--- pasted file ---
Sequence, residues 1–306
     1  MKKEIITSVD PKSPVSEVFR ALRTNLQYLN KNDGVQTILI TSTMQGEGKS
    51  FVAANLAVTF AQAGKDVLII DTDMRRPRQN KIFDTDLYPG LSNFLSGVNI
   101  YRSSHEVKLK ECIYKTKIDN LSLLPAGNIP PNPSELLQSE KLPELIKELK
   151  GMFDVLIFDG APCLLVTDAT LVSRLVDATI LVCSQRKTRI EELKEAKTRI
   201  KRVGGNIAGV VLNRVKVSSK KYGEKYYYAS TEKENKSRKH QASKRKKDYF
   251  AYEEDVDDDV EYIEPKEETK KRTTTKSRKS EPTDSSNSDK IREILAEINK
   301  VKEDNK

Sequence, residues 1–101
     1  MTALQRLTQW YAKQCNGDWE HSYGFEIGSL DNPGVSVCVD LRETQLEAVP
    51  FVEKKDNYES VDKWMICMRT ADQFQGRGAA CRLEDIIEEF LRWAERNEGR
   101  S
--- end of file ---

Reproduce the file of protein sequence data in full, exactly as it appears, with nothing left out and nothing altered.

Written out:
Sequence, residues 1–306
     1  MKKEIITSVD PKSPVSEVFR ALRTNLQYLN KNDGVQTILI TSTMQGEGKS
    51  FVAANLAVTF AQAGKDVLII DTDMRRPRQN KIFDTDLYPG LSNFLSGVNI
   101  YRSSHEVKLK ECIYKTKIDN LSLLPAGNIP PNPSELLQSE KLPELIKELK
   151  GMFDVLIFDG APCLLVTDAT LVSRLVDATI LVCSQRKTRI EELKEAKTRI
   201  KRVGGNIAGV VLNRVKVSSK KYGEKYYYAS TEKENKSRKH QASKRKKDYF
   251  AYEEDVDDDV EYIEPKEETK KRTTTKSRKS EPTDSSNSDK IREILAEINK
   301  VKEDNK

Sequence, residues 1–101
     1  MTALQRLTQW YAKQCNGDWE HSYGFEIGSL DNPGVSVCVD LRETQLEAVP
    51  FVEKKDNYES VDKWMICMRT ADQFQGRGAA CRLEDIIEEF LRWAERNEGR
   101  S